UW to Host GIS Day Events Nov. 18
November 11, 2009 — The Wyoming Geographic Information Science Center (WyGISC) at the University of Wyoming will commemorate GIS Day (Nov. 18) with an open house, two presentations and a panel discussion.
Held each year on the Wednesday of National Geographic Society's Geography Awareness Week, GIS Day is a global event to make people aware of geographic information system (GIS) technology and the important contributions it makes in the fields of science, technology, information, and the humanities.
The UW event will open at noon in Room 316 of the Agriculture Building with a presentation by WyGISC Director Jeff Hamerlinck, titled "All Things GIS: An Introduction to Geospatial Data and Technology." An open house and various demonstrations at WyGISC follows from 1-3 p.m. Food and drinks will be served.
A second presentation, also in AG 316, titled "Discovering Geospatial Resources at the University of Wyoming" will be from 2:10-3 p.m. The event concludes at 3:30 p.m. with a panel discussion on careers in GIS and remote sensing in Room 219 of the Classroom Building.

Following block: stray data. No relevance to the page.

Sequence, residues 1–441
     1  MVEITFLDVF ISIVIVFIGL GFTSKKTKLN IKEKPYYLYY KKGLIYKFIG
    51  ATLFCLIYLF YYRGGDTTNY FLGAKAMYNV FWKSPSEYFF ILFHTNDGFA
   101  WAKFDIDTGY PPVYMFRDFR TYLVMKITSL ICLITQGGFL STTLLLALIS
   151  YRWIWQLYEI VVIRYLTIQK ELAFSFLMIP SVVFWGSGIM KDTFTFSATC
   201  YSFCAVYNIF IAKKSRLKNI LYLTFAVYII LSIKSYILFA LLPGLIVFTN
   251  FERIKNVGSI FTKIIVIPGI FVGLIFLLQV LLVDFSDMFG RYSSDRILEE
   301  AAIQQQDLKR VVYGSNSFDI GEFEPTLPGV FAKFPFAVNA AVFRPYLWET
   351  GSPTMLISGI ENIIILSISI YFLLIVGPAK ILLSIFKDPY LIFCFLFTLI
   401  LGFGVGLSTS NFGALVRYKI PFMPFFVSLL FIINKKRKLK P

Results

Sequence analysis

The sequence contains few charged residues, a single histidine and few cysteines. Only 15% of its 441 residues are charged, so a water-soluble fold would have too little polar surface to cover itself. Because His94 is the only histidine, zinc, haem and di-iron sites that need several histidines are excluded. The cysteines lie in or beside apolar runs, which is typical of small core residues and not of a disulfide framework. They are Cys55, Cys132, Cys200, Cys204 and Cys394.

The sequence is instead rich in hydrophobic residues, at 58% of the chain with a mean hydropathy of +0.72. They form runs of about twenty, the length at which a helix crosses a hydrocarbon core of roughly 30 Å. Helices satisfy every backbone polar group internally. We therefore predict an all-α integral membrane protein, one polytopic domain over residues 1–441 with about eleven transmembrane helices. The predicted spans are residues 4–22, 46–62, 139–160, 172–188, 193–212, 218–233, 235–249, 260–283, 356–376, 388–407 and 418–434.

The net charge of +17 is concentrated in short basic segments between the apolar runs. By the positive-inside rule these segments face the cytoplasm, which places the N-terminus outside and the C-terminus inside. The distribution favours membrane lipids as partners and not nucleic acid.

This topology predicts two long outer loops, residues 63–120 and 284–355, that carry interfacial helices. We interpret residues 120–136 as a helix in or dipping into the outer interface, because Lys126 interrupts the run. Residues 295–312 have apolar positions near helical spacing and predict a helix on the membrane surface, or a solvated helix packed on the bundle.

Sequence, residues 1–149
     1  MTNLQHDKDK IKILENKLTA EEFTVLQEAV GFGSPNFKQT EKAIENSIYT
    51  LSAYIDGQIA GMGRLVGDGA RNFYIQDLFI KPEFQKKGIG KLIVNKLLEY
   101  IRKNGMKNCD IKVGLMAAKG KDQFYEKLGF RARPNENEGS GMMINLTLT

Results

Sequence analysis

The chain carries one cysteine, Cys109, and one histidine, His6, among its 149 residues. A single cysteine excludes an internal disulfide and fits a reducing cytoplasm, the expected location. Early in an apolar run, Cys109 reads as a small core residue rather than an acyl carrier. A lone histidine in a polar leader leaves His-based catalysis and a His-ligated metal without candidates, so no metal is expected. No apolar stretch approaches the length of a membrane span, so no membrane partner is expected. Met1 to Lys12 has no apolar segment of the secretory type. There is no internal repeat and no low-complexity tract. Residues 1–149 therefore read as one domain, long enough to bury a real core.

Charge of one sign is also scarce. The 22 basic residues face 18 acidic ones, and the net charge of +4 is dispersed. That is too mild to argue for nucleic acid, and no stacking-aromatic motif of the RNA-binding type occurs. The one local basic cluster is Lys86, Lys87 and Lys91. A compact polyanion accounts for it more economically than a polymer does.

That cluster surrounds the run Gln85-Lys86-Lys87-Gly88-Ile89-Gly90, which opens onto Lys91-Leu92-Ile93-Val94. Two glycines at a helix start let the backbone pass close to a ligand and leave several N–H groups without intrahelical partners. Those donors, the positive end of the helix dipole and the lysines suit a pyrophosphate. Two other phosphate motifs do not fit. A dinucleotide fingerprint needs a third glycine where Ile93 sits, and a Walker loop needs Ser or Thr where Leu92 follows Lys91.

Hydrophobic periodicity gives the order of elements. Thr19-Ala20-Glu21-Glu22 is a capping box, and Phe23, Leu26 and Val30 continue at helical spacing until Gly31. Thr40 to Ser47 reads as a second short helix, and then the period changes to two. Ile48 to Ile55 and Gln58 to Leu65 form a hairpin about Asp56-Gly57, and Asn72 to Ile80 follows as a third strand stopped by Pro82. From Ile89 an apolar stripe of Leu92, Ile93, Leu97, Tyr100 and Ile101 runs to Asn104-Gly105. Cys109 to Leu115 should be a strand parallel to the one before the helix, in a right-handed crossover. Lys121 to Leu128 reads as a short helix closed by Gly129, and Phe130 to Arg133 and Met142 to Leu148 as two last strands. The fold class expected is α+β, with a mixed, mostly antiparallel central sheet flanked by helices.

"GIS, remote sensing and associated ‘location-based services' like online route finding and global positioning systems continue to grow throughout the world as important applications of information technology supporting science, education, commerce, and governmental services" Hamerlinck says. "For this year's GIS Day events, we're emphasizing outreach to students with opportunities to learn more about the wide variety of ways that geospatial technologies may be applied, as well as career opportunities in the GIS field."
A GIS is a computer-based mapping tool that takes information from a database about a location, such as streets, buildings, water features and terrain, and turns it into visual layers. The ability to see geographic features on a map gives users a better understanding of a particular location, enabling planners, analysts and others to make informed decisions about their communities.
GIS is used daily to solve problems related to the environment, health care, land use, business efficiency, education and public safety. The technology also allows people to download maps from the Internet for directions and helps farmers grow crops with fewer chemicals.
WyGISC is an interdisciplinary research institute focused on research and development, education, and outreach associated with geospatial information representation, access, visualization, analysis and modeling. For more information, go to the WyGISC Web site at www.uwyo.edu/wygisc.
Posted on Wednesday, November 11, 2009